I posted this in the furnace section but no bites. Our gas line comes to our house on the west side right next to the furnace/laundry room (gas clothes dryer). I want to bring the line across the house to the kitchen on the east side of our house. Our house in on a not too wide old city lot to make it clear it is not a real wide house. When the guy was hooking my dryer up, 3 yrs ago, he told me it would be $500-$1000 to bring it another 20 ft. over toward the west and 15 ft. north to the kitchen. Does that sound reasonable? He said it was the labor of bringing it thru the basement ceiling. Is bringing a line around the exterior of the house legal or do able? I need a new stove and really want gas but not at an extra $1000. thanks.
thanks claypa, it is a finished basement. Altho, the ceilings are those cardboard like tiles w/ holes in them. BTW, have you moved? I don't remember W Pottsgrove. And dear wrenwood, NO to the estimate, I presume. thank you.
No, it's part of the mysteries of Pennsylvania municipal government. I thought my town was in a borough, (and so did my neighbor on the town planning commission) but it's not. The mail says Pottstown. But everyone calls this place yet another name. So I threw in the towel and just used "Southeast, PA". Sometimes I post from Maryland, too.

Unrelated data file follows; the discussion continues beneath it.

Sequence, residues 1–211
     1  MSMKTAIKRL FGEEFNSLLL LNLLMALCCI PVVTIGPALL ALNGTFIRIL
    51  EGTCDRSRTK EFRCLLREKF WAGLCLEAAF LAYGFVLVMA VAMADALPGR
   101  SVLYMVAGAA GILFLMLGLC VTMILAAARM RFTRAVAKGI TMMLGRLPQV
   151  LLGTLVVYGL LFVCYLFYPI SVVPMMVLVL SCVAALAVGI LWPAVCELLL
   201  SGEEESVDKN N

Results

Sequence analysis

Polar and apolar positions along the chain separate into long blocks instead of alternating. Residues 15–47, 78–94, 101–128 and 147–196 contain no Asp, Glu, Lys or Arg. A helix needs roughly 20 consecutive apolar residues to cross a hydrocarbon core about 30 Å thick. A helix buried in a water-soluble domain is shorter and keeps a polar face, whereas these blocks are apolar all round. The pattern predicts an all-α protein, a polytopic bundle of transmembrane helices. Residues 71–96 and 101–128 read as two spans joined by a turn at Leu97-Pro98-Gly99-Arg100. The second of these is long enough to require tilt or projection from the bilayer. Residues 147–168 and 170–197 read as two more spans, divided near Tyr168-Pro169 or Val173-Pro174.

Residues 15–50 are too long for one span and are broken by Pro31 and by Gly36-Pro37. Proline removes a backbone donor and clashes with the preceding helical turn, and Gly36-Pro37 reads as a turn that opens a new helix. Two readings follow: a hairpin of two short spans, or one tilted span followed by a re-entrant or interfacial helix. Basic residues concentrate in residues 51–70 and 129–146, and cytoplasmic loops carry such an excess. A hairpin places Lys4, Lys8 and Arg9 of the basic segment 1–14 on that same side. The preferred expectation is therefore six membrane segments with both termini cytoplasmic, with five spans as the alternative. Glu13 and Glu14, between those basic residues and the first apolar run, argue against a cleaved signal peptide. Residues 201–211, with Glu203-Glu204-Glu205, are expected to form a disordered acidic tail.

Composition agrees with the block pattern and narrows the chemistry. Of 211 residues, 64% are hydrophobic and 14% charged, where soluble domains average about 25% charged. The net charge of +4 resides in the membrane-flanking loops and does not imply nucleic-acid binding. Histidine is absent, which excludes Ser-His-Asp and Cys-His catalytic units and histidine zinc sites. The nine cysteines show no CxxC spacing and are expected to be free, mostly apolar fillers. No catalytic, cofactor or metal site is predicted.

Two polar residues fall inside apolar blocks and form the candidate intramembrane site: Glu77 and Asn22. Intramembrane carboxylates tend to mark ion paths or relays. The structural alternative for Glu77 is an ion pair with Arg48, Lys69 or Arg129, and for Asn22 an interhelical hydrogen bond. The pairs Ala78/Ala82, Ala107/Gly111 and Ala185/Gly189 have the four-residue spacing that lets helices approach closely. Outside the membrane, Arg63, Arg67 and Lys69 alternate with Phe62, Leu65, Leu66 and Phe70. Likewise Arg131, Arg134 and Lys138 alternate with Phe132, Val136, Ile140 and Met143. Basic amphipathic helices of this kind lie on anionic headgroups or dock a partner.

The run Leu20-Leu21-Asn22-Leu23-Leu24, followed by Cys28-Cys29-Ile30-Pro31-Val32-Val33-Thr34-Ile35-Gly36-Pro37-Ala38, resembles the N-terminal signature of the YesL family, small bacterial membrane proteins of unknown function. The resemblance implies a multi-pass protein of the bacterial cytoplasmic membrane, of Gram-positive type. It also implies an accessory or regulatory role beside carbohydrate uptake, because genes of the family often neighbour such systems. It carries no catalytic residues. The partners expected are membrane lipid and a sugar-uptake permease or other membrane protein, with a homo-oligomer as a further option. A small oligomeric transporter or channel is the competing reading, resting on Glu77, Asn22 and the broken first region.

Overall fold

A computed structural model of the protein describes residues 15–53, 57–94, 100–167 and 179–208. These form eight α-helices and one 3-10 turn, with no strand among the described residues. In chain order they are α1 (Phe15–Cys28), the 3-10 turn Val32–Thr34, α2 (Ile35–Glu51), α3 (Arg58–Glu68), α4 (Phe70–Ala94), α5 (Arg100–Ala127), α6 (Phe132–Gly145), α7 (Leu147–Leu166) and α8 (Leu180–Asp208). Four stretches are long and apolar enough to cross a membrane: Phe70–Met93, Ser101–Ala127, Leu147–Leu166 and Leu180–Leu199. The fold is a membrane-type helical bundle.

You could do some of the work yourself - take down the ceiling and all. Some places, disposal of demolition debris is very expensive. You could probably get away with putting the ceiling tiles in your regular trash. I don't know if those are supposed to have asbestos or not, though.
Sometimes running pipes and wiring around existing stuff and ducts is a real challenge. He probably can't really give a firm price until he knows what's up there.
I have run gas line, myself. 20 feet is not too big a deal. Two pieces of 10' black pipe. Some sealant http://www.doityourself.com/invt/6141378 to coat the union and fittings. If you already have a fitting to connect to, the job could be a DIY. If you have to come off an elbow, or other joint where you need to cut pipe, it could be another story. Be sure to use soapy water and not a lighter to check the new connections. τΏτ
Anastasia said it needs to go 20 feet west, and 15 feet north. Running that length of pipe through who knows what is behind that ceiling tile could easily be $500 worth of work. It might have to go through at least 15 floor joists, around existing plumbing, ductwork, who knows? There's probably a lot of cutting and threading involved.
Guess I need to clean my glasses. There is also a concern as to the sizing of the pipe to be used. How far is this from the meter? It might require a larger pipe to be run to the splice joint, so that a proper volume of gas can be delivered. Get a couple of bids.